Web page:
Emotional maturity has been proven to be the most attractive trait an individual can have for a number of reasons. As a matter of fact, in some cases it’s given more importance than the intelligence quotient. However, what does it mean to be emotionally mature? When someone is emotionally mature, they possess full control over their emotions to an appreciable level that makes them handle even the worst of news with much prudence. They have empathy for others and often know how to de-escalate a conflict if necessary. They’re the person you go to when you have a tough issue you need to talk about. 

It sounds about great to be emotionally mature, right? Well, to help you get a grasp on your emotions, here are eight ways to become more emotionally mature. 

  • Identify your feelings

To enable you get a grasp on your emotions you must be able to tell your feelings apart. More often than not you get into a heated fight or start breaking down into a sob but you can’t pinpoint exactly what got you there. Maybe a simple irritation over a comment someone made found its way deep into your thoughts and you carry that anger with you for the rest of the day. If you first recognise what you’re feeling, then you can start to understand why and resolve it. 

Try drawing an emoji expressing how you feel in a journal every time you feel angry or irritated and for every time you feel sad or empty. Then ask yourself why you felt that way. Being aware and understanding why you feel these things can help you manage your emotions. So if you know you’re getting irritated at a friend for loosing your pen, take a deep breath and recognise that you’re simply irritated over a pen. Moreover, your friend has your best intentions at heart but just like you is human and can lose stuff. That is of course before you say something you’ll regret. That irritation could turn into anger for the rest of the day if you don’t first identify why you were even angry in the first place.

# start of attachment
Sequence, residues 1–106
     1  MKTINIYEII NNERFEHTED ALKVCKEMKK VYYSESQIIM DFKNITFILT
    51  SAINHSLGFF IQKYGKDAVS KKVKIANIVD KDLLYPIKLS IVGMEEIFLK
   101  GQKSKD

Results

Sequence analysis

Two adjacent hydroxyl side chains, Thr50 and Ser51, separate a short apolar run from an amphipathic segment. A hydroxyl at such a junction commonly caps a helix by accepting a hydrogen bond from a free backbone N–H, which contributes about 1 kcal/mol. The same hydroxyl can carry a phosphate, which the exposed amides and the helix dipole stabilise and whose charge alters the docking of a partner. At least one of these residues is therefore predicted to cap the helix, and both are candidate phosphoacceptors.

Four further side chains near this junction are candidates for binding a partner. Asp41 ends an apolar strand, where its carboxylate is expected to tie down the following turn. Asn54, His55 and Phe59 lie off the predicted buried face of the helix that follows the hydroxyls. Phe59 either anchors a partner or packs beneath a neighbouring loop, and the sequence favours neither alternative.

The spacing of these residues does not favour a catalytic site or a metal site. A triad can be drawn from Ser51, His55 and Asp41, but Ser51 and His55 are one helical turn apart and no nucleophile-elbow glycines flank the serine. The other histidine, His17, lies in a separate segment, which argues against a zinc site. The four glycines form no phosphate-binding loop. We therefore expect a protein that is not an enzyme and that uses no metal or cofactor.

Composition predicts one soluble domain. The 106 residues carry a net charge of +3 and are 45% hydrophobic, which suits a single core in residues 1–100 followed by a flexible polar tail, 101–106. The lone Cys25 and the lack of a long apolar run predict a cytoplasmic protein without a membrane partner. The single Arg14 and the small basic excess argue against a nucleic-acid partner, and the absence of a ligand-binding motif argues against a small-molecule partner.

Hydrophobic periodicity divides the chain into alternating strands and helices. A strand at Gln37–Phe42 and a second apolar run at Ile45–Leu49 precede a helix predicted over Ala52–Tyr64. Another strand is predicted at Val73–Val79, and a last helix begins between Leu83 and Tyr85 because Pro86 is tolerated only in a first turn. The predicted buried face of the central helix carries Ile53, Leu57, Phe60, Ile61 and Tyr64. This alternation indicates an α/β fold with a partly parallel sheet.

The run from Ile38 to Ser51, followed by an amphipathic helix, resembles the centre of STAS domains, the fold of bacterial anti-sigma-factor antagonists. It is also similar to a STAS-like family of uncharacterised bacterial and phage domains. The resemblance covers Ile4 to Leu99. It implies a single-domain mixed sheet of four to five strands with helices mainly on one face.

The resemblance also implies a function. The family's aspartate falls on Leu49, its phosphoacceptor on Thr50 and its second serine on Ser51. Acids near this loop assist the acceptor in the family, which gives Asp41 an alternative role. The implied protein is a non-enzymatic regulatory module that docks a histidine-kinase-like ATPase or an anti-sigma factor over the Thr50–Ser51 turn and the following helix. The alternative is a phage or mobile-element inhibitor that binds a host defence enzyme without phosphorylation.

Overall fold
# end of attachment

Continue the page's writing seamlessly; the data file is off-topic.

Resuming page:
So recognise your anger and acknowledge it because your feelings are valid, but you don’t have to act on them. 

  • Take responsibility

It’s easy to deny stuff when we’re wrong because as humans we’re naturally egoistic and sometimes reality can be hard to face. However, it’s more mature to take responsibility for our actions instead of brushing them away. If we simply ignore that we were wrong during an argument or don’t take action on things that are our responsibilities. We can never learn and grow from our mistakes. Being aware, holding yourself accountable, recognising you’re wrong and learning from your mistakes shows that you’re emotionally mature. Not only that, it reduces the tendency of repeating that mistake. 

  • Find a role model

If you struggle with how quickly you react negatively in stressful situations, try looking towards someone you admire as a guide. This helps because it doesn’t make your goal abstract. After all, you’ve seen people in similar situations and they handled it gracefully.